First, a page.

Once we hit the check point and turned around to head towards the final climb, we did a nice, old school, New England piece of single track. While I was riding, I could feel my left foot starting to have a bunch of float in the pedal and then it started slapping against the pedal. UGH!!! My cleat came loose. I got it tightened back up just before the bolt fell all the way out! Now I was in crisis control mode heading towards the final five mile climb before a nice rewarding descent back to the finish line.
I didn’t realize that we used the same piece of trail twice (listen to those announcements during riders meetings), so I panicked thinking I missed a turn and then rode backwards, when I found Bobby Nash and we both decided to head the way I was going originally. After a few nervous miles, we popped out at the last aid station signaling we were going the right way.
After I started to get rolling up the climb, I found Brian Oickle had some terrible luck and flatted. With third place on my wheel I kept the pace high, climbing up the final stretch and was able to put just a little daylight between Bobby and myself. I kept the gap all the way to the finish but I could never catch Andy as he was on fire! After a very exciting race for almost the entire day, I was so thrilled to land on the podium. Congrats to Andy Scott; he rode very strong all day.”
Just one minute behind Petrylak, Bobby Nash, Dr. Naylor-Treadwelltraining, finished in third place at 5:25:52. Five minutes later, Neal Burton, Team Errace p/b DSO Manufacturing, claimed fourth at 5:30:56. Four minutes behind Burton, Alan Starrett, took fifth at 5:34:08.
Giroux wins on 32×20 gearing!
Dan Giroux, BSWC, was first across the line at 6:14:35.
Jesse Bell was second at 6:52:18. “The morning started out with a light rain, but warm weather. The start was not overly fast and, being on a low geared single speed, I did not make a big effort to get to the front of the pack before the single track, which ended up being my biggest mistake of the race.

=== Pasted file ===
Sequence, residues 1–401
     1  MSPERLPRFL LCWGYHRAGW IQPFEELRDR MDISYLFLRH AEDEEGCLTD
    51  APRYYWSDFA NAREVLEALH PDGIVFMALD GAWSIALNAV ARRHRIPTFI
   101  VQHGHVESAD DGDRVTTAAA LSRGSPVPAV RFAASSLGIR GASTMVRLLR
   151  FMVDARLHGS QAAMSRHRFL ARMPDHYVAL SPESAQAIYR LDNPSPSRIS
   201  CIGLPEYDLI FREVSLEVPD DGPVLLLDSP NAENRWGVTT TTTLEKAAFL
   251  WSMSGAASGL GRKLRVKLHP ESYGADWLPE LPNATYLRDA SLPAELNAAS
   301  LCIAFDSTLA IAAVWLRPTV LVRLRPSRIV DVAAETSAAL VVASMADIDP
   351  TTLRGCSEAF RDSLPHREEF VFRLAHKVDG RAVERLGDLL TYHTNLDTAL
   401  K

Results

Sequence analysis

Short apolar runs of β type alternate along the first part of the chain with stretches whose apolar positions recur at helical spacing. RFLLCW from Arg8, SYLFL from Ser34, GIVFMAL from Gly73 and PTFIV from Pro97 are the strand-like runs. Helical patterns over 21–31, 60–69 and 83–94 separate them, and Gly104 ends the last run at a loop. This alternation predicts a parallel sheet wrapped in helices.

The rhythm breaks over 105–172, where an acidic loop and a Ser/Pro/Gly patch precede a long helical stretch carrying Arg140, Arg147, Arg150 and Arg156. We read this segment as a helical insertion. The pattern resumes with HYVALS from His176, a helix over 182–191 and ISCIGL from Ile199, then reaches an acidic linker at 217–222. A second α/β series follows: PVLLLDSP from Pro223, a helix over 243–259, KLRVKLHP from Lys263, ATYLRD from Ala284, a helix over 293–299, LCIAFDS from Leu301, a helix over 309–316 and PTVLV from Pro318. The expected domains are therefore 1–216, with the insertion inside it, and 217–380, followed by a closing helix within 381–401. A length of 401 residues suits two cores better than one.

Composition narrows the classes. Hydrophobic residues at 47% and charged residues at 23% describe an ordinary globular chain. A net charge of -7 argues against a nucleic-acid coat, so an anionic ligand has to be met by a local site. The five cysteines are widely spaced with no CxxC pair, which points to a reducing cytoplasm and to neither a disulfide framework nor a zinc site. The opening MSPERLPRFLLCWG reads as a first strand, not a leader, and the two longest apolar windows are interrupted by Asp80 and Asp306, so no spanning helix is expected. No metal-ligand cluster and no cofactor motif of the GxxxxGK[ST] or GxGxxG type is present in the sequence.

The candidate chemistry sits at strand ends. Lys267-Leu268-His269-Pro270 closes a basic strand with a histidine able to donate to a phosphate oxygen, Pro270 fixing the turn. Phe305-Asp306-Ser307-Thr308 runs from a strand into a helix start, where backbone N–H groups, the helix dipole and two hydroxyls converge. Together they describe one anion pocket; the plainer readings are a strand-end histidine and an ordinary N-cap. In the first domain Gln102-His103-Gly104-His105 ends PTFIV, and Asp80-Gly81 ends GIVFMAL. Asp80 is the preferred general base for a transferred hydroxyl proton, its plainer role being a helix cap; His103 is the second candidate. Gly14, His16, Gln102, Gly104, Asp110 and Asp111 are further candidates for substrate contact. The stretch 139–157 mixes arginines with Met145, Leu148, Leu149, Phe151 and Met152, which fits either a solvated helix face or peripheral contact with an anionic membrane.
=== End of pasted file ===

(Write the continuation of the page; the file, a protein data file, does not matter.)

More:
As we approached the bottle neck to the single track, several riders shot in front of me who I didn’t think much of and figured they were probably fast. As it turns out, they were not overly skilled in the tight tech New England single track so the pace was slow to say the least. It took the whole first single track section to pick off all of those slower riders (at least 5 miles).
About 15-20 minutes into the race, the rain picked up pretty steady and eventually became a good hard rain for a bit. The trails became pretty soggy with all the rain and the volume of riders. The whole time I was dealing with the wet trails, I couldn’t help but feel bad for the people behind me and the 50K racers. For the most part, the trails handled the rain very well and 95% of them were rideable. There were a few places where, if you hit the wrong line through the mud, you would come to a complete stop. The wet also made flats a common problem. I saw several people on the side of the trails fixing flats. I just concentrated on riding clean and not doing anything stupid.
I was able to ride the whole race without a mechanical and was able to keep the rubber on the ground. The rains stopped about an hour in and the skies cleared for a very nice day. I raced an Ibis Tranny 29, with a 100mm Reba, Next cranks, and I9 Trail 24 wheels with Vittoria Mezcal G+ 2.25″ tires and was impressed with how the tires handled the wet and mud. I was geared out at a 32X20 and, after talking to the other single speed riders there, I was geared the lowest. It was a great day to do a great race in beautiful country.”
Taylor with a commanding win!
Within a large master’s field of 38 racers, Scott Taylor, Blue Hill Cycling, took a commanding win at 6:06:21.
Seventeen minutes later, Scott Burrill, bikeman.com, rolled into second place at 6:23:10. Just one minute behind Burrill, John Burkhardt, HUP United, took third at 6:24:48. None of the masters responded to our request for a race report.
WHATS NEXT: NUE Epic and Marathon Series Racers will travel to Breckenridge, Colorado on July 29 to brave the high mountain elevation of the Rockies. On the same day, many NUE Epic racers will choose the challenging hills and rocks at the Wilderness 101 in State College, Pennsylvania.